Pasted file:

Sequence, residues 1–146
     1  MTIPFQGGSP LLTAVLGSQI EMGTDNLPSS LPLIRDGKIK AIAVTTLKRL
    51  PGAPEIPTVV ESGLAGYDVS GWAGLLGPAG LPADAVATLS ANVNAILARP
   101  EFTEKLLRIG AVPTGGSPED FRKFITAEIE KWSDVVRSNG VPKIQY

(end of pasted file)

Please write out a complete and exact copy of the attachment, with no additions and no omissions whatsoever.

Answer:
Sequence, residues 1–146
     1  MTIPFQGGSP LLTAVLGSQI EMGTDNLPSS LPLIRDGKIK AIAVTTLKRL
    51  PGAPEIPTVV ESGLAGYDVS GWAGLLGPAG LPADAVATLS ANVNAILARP
   101  EFTEKLLRIG AVPTGGSPED FRKFITAEIE KWSDVVRSNG VPKIQY